At the office, Laurel has bleached the trophy and the sink while the boys roll the body up in Annalise’s gorgeous Aladdin on Broadway souvenir carpet. Michaela sort of just frowns in the corner, which again gives credence to my comparison that she’s “the Daphne” of the group. [MICHAELA PRATT: Ambitious overachiever, liked it so she put a ring on it, eager to impress, frontrunner candidate for Best Use of Tear Ducts in season 1.] She reluctantly helps lift the body and the four clamber out of the office, but not without bumping the Keating Carpet Corpse (© 2014) into the doorjamb—a scuff of DNA that you know is going to come back to haunt them. Other loose ends that could haunt them include:
–The cop who sees them outside the building thanks to Connor’s poorly parked car, forcing Michaela to fake a phone call to Annalise (what would have happened had she actually called?) before the cop became too overwhelmed with drunken college lunatics stealing lawn ornaments anyway to pay much attention.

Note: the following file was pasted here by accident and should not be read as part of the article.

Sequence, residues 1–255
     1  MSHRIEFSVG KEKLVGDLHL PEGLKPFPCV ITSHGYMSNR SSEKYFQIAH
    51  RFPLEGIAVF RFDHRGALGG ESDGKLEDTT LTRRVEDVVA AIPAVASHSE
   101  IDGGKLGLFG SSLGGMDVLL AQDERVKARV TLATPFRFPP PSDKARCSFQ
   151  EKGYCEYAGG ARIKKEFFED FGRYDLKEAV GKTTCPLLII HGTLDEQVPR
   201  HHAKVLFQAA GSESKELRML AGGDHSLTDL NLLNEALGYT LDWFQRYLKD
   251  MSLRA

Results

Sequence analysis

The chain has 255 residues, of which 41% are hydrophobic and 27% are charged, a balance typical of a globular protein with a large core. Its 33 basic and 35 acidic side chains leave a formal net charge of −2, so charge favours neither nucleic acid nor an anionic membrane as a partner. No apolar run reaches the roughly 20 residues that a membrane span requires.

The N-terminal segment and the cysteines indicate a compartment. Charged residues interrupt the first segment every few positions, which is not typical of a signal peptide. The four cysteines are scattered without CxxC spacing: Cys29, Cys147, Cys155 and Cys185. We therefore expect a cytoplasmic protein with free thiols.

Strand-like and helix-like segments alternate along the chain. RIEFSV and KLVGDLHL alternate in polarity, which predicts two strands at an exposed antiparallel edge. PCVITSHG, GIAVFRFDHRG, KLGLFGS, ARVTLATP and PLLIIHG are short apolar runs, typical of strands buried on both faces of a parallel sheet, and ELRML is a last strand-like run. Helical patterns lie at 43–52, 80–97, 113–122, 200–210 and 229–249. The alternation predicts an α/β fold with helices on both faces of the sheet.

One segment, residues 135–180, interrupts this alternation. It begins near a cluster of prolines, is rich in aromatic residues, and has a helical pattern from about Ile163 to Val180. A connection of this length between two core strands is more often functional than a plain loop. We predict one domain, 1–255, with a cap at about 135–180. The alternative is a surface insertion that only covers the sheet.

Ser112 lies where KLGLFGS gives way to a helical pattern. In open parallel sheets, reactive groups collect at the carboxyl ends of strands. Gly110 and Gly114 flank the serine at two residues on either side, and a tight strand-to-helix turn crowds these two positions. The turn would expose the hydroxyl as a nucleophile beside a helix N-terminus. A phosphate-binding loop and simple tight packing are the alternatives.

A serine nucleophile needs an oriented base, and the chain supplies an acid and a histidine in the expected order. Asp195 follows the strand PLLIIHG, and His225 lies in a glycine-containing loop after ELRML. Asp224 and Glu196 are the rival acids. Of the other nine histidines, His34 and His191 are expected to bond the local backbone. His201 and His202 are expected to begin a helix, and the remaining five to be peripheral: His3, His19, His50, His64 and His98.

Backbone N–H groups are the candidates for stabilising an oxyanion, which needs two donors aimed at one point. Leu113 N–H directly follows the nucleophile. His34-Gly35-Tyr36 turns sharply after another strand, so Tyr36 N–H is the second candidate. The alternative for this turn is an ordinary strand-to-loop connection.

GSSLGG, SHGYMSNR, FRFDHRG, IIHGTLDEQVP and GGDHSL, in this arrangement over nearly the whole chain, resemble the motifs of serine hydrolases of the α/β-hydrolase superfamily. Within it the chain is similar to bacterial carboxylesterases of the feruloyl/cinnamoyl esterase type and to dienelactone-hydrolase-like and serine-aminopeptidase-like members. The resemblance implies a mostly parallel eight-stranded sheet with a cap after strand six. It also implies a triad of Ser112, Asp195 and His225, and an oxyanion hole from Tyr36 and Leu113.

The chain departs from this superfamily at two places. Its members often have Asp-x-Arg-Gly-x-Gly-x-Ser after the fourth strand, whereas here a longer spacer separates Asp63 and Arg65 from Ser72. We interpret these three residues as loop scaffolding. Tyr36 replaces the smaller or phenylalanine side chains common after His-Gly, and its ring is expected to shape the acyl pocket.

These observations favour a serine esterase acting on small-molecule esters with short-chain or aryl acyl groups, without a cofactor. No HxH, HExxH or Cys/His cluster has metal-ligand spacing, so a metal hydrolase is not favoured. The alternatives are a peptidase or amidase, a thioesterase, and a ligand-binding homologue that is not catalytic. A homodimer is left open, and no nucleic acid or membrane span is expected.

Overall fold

–The drunk couple in the woods who scurry away after hearing Laurel’s phone go off (thanks to a call from Annalise’s associate Frank, showing one very well-placed nipple in the photo that Laurel has set to appear) [LAUREL CASTILLO: Quiet thinker, possibly undercover crazy, sleeping with her T.A. and smitten enough to actually program a sexy photo of him into her phone contacts.]
–The time spent at the gas station, assuming that Wes did at least five careless and idiotic things during his time buying lighter fluid and candy that were no doubt caught by the convenience store’s surveillance (but who’s to say that footage can’t be doctored?).